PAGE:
From the mental approach, knowing that you put in the work and you have three other guys on the team that had the same focus as you made the challenge less stressful.
TG — The physical part took months to do. Jumbo explained it to me this way. “Tom Cat, the training work you do during the fall and winter is just like making a deposit into your bank account. The better you train (deposit) your body and mind way before race day ……and when it comes to the race day weekend you will have more energy and strength in the bank (my mind & body) to be able make the correct withdrawals for mutual races for the team.”
Mentally I just focused on one race at a time and did not worry about the other race later on in two hours or so. I had to take care of business at that moment for the team. I was always confident about my recovery time between races because that’s the way we worked out as a team….fast pace sessions with controlled short recovery time.
EC — We prepared hard. Tough workouts on the track sometimes four or five days in a row along with hard runs over 10, 15, 20 miles on Sundays. If you could handle these workouts, you knew you were ready to handle running in three relays over two days. Our mental approach was one relay at a time.
We weren’t satisfied winning just one race, we wanted them all. Each win inspired us to the next and so on! We had the mental strength to handle any physical challenges because we were prepared, and we drew off one another.
GOR — I looked at what guys like Eamonn Coghlan, Don Paige, Sydney Maree, Marcus O’Sullivan and John Hartnett did. They set the bar for the rest of us and proved it was possible to run multiple races at a high level on consecutive days.
Why are the Penn Relays different? I once heard Penn State’s coach Harry Groves say he’d rather have a win at Penn than win an NCAA championship. What was the appeal?
TG — I learned very fast why the Penn Relays are different…..
1972 was my first eligible year to compete in the outdoors. I did not know anything about the Penn Relays except that Marty Liquori beat Jim Ryun there in the Dream Mile. I made the distance medley team that first year and never saw or visited Franklin Field until I showed up on that Friday around 1:00pm for my 3:00pm race time. The team was made up of Ken Schappert, Greg Govan, Tom Gregan, John Harnett in that running order. I was overwhelmed by all the activities outside the stadium with all the vendors selling stuff. The crowds were immense, but I had to figure out where to find a place to go and warm up for my race and not be late trying to get back into the stadium for the race.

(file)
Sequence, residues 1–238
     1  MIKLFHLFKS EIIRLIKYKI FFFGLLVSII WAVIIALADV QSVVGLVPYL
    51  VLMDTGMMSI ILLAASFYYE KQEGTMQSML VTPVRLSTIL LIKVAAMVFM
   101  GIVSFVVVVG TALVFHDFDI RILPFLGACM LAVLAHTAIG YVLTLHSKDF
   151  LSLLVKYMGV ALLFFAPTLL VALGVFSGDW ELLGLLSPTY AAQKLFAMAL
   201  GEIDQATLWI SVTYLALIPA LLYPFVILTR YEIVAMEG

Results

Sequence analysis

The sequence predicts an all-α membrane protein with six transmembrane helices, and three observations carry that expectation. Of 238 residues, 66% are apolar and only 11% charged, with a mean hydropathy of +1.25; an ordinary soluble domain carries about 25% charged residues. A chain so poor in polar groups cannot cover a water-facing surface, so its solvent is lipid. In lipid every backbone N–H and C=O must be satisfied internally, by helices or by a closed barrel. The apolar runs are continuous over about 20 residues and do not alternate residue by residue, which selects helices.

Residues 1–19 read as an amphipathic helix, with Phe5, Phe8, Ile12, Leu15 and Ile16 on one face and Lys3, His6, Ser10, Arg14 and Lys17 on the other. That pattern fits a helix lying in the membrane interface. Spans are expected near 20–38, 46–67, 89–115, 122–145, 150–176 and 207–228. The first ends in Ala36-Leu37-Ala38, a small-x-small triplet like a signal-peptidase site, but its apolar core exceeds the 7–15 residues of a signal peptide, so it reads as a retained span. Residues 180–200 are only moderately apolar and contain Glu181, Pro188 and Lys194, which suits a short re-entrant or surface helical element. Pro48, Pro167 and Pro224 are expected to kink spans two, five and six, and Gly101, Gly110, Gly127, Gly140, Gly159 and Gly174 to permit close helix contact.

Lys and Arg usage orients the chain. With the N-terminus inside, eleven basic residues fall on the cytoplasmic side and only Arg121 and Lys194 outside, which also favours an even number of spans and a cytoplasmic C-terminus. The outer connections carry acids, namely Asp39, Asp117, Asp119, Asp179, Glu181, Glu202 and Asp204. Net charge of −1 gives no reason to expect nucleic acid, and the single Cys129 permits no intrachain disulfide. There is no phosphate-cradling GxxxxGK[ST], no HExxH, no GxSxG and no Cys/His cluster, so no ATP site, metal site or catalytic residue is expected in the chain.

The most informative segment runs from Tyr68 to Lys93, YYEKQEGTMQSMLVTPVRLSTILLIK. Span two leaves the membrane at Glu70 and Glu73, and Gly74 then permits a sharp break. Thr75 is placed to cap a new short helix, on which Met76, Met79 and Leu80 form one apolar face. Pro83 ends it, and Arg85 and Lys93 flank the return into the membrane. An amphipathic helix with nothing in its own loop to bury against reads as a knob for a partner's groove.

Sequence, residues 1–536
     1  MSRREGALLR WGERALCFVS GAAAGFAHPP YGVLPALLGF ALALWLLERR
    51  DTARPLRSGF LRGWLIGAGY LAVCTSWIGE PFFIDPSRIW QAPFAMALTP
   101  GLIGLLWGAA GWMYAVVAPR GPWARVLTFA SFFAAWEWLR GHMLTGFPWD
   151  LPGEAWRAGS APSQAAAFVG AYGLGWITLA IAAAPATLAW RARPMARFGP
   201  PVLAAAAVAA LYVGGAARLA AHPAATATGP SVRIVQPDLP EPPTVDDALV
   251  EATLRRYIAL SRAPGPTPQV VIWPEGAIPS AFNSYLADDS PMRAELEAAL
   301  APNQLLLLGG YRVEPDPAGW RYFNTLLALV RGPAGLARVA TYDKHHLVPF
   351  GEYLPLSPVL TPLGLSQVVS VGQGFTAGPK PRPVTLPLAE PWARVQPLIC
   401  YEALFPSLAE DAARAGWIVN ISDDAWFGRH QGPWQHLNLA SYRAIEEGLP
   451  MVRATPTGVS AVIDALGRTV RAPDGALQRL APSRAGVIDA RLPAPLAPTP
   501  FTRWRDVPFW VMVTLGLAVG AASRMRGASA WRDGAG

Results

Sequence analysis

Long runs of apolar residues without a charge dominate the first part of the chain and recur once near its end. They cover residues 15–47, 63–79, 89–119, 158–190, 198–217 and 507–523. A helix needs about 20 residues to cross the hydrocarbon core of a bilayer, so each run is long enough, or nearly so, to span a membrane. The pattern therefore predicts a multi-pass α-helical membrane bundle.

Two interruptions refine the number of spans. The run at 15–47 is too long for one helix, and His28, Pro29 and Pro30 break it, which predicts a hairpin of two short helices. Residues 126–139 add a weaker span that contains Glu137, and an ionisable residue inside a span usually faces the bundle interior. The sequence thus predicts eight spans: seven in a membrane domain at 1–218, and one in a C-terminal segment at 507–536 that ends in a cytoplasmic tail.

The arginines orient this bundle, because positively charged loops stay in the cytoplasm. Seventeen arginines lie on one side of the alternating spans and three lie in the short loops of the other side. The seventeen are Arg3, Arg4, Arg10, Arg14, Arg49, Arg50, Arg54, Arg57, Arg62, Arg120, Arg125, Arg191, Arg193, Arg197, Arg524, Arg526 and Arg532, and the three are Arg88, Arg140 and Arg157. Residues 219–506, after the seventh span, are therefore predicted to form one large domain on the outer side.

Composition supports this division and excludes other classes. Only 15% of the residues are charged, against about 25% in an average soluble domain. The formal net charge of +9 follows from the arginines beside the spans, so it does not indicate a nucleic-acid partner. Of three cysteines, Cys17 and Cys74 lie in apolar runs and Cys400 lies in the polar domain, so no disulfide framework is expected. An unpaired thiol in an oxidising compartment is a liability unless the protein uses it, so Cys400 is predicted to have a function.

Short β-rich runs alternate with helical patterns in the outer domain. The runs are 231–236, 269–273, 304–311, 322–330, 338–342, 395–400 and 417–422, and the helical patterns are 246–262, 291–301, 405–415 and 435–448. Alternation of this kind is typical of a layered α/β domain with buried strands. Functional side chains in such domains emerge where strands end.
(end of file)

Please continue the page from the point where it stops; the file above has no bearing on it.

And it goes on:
“The story goes this way….reported by The Philadelphia Inquirer sports page article on 4/30/74…
“Tom Gregan, The Villanova freshman from Dublin, Ireland, had something on his mind. “Mr. Pryah.” He said to Jack Pyrah, Jumbo Elliott’s assistant, “is the Penn Relays an important meet?”
Pyrah’s jaw dropped. His eyes widened. His pulse quickened, “Important meet!” he exclained, “Ask Jumbo that question.”
The poor bloke (Gregan) simply didn’t understand. Sure they call it the Penn Relays. Have for 78 years. But ever since the Irish began landing on the Main Line campus nearly two decades ago this has been the Villanova Relays….Jumbo’s meet.”
So my first race at the Penn Relays was running the coveted Distance Medley. To that date Villanova had won six straight DM’s. I ran the ¾ leg and John anchored the mile. I handed it off to John at the front of the pack and John ran a great race winning by 10 inches over Bob Wheeler from Duke. We broke the Penn Relay Carnival Record at 9:37.5.
GOR — It’s the biggest relay carnival in the world, attracts the best colleges so you know you get to compete with the best of the best and it’s local so even non-track fans know it’s a huge event.